Residential ratepayers in Wrangell will soon see their monthly water bills increase by $14 to a total of $61.30 per month, or about $170 more for a household’s water over the course of a year.
That’s after Wrangell’s borough assembly approved a 30% water rate increase Tuesday evening (April 26). The rate increase, which applies to residential and commercial users alike, will be reflected on statements in June.
Members of the Wrangell Assembly say the rate increase will help finance a new $15 million water plant. But assembly member Ryan Howe said it’s important for the borough to be looking ahead and saving for other water projects, besides the new plant.
“That’s not the only water project that is coming up,” Howe said, referring to the water plant project. “We have an earthen dam that anytime could just… boop… and then the cost of consumers is more than $14 a month then, for an issue like that. So I think it’s important to keep that in mind that we’re saving for all the giant, huge infrastructure projects that we have.”
It’s the first water rate hike since 2019. Borough finance director Mason Villarma told the assembly Wrangell’s utility rates haven’t been keeping up with rising costs.
“No matter how high you increase the rates, you will not – you can’t expect these rates to absorb the deferred maintenance for water,” Villarma cautioned. “There’s just no way for water treatment, reservoir bypass, dam stabilization, water mains underneath the road. I mean, you can go on and on, and we’d probably be close to $100 million in projects with water. So no way will you ever absorb all the deferred maintenance through rate increases. But if you do it now, obviously we got the time value of money on our side. And so it helps us save to address and start chipping away at these [projects].”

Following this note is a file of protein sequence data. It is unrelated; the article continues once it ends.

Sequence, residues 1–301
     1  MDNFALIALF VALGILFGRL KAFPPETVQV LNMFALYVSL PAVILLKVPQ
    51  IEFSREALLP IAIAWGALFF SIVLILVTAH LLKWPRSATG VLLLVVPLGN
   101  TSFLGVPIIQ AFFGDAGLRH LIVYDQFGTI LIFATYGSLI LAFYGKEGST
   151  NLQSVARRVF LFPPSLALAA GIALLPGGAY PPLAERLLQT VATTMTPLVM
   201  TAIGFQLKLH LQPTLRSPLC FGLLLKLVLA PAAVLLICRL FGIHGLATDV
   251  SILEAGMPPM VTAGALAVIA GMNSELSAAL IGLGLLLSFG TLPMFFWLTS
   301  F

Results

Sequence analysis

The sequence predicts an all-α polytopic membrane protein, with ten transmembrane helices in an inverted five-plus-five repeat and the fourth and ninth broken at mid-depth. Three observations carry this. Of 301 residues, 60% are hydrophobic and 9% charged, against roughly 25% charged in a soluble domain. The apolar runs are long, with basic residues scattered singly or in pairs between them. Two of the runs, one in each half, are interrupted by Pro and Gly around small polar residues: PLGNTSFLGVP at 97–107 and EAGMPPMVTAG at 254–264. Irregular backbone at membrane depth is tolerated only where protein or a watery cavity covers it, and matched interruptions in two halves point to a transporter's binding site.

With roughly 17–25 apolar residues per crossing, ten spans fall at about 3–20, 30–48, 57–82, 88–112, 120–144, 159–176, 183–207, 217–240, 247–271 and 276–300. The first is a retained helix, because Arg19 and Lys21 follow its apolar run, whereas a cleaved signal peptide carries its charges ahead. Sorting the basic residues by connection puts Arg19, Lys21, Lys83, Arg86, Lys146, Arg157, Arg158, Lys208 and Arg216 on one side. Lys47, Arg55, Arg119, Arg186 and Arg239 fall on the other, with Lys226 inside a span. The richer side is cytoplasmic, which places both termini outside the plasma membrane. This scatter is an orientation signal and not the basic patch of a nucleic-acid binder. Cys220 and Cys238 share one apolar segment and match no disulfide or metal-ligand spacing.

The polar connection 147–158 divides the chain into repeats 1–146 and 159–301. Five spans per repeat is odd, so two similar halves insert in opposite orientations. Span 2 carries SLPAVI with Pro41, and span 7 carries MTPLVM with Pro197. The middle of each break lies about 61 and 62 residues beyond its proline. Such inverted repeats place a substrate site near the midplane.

The borough has secured millions of dollars in federal grants and loans already for the new water plant. Wrangell’s assembly agreed Tuesday to apply for another $3.8 million in state loans to finance the work. Borough staff are also planning to apply for a $2 million grant from the federal Denali Commission.
The water rate increase will come along with a sewer rate increase of 21% – a bit less than $10 per month more for a household. That was approved by Wrangell’s assembly last month.
And those water and sewer rate increases join an electricity rate increase and port and harbor rate increases approved earlier this year.
And it’s not just the cost of living that’s increasing. Wrangell’s assembly also approved higher rates for the hereafter by raising prices at borough-owned cemeteries. The cost of a casket plot will jump to $1,000, and a niche in the community’s structure for holding cremated remains will be $550. Associated fees, like opening and closing graves or niches, will also increase.
Those cemetery increases will help the community cover the cost of a new structure to hold cremated remains – called a columbarium – and a cemetery expansion project that could add 50 casket plots to Wrangell’s nearly-full cemeteries.
Get in touch with KSTK at email@example.com or (907) 874-2345.